Emission Rate Credits in the Clean Power Plan

In the Clean Power Plan, the Environmental Protection Agency (EPA) sets national carbon dioxide (CO2) emission limits for existing coal- and gas-fired power plants. States have an opportunity to adopt "state plans" that include enforceable emission limits and other policies to ensure power plants comply. An important choice for states is whether to adopt a rate-based or mass-based plan. This blog focuses on a necessary feature of rate-based plans: Emission Rate Credits (ERCs).

Mass-based plans, just for context

In mass-based plans, the state creates a permit - called an allowance - for each ton of carbon pollution power plants will be allowed to emit in the coming year. It then distributes these allowances. At the end of the year, power plant owners must submit to the state the number of allowances equal to their carbon dioxide emissions: if a power plant emitted 500 tons of CO2 that year, its owner must give the state 500 allowances. Actions that shift electricity production to cleaner sources or reduce electricity consumption will manifest in the amount of carbon pollution emitted from a power plant's smokestack.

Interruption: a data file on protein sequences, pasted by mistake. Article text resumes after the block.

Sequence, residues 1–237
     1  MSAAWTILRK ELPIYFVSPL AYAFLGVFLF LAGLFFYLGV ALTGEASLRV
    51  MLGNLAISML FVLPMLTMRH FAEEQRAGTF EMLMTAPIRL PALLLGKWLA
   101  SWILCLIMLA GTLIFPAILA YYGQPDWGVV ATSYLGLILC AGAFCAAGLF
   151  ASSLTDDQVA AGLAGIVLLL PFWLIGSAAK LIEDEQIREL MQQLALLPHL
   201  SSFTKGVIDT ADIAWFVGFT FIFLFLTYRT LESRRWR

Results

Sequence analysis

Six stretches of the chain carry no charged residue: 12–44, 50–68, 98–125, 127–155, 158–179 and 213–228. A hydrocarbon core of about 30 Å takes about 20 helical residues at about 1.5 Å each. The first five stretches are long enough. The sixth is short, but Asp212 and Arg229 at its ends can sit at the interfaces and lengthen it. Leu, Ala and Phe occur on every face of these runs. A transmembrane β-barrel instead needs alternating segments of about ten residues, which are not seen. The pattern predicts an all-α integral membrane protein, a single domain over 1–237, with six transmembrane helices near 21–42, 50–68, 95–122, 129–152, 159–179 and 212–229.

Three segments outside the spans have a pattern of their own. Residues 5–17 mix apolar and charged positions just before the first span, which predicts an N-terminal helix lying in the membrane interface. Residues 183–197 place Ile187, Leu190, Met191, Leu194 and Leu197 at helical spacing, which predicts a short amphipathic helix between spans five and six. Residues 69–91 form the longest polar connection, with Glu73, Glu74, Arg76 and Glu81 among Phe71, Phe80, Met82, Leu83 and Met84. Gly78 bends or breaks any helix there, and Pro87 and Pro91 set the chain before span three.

Why we need ERCs in rate-based state plans

In rate-based plans, the state establishes an allowed emission rate for its power plants: pounds of CO2 emitted per megawatt-hour (MWh) of electricity generated. At the end of the year, power plant owners must show that their emission rate was equal to or less than the rate-based limit. Importantly, actions that shift electricity production to cleaner sources or reduce electricity consumption do not manifest in the power plant's emission rate; by analogy, if I drive my 2000 Honda Accord Coupe fewer miles, its fuel economy in miles-per-gallon does not change. States that apply rate-based limits must create Emission Rate Credits (ERCs) to account for these positive actions.

What's an ERC?

One ERC equals an emissions-free megawatt-hour of electricity. The operator of a coal or natural gas plant can add the emissions-free MWh of acquired ERCs to the MWh that the plant actually produced during the year. The operator then divides that combined number of MWh into the amount of CO2 emitted by the plant to determine the plant's effective emission rate for compliance purposes, as shown in the formula below.

Effective emission rate = lbs CO2 emitted / (MWh generated + ERCs purchased)

The plant is in compliance if its effective emission rate - including the ERCs - is equal to or less than the plant's allowed emission rate.

Which resources can create ERCs?